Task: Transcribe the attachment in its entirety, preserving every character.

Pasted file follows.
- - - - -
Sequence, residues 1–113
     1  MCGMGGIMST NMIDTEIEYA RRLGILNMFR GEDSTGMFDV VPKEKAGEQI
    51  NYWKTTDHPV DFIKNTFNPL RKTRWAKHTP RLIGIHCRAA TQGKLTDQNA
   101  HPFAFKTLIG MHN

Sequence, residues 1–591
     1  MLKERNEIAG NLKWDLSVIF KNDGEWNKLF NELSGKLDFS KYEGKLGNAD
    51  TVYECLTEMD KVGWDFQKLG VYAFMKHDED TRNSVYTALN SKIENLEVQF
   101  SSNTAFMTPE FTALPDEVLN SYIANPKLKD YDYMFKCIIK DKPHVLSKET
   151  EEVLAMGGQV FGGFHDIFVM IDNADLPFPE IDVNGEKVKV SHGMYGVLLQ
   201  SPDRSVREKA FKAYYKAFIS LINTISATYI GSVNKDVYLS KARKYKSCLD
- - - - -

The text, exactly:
Sequence, residues 1–113
     1  MCGMGGIMST NMIDTEIEYA RRLGILNMFR GEDSTGMFDV VPKEKAGEQI
    51  NYWKTTDHPV DFIKNTFNPL RKTRWAKHTP RLIGIHCRAA TQGKLTDQNA
   101  HPFAFKTLIG MHN

Sequence, residues 1–591
     1  MLKERNEIAG NLKWDLSVIF KNDGEWNKLF NELSGKLDFS KYEGKLGNAD
    51  TVYECLTEMD KVGWDFQKLG VYAFMKHDED TRNSVYTALN SKIENLEVQF
   101  SSNTAFMTPE FTALPDEVLN SYIANPKLKD YDYMFKCIIK DKPHVLSKET
   151  EEVLAMGGQV FGGFHDIFVM IDNADLPFPE IDVNGEKVKV SHGMYGVLLQ
   201  SPDRSVREKA FKAYYKAFIS LINTISATYI GSVNKDVYLS KARKYKSCLD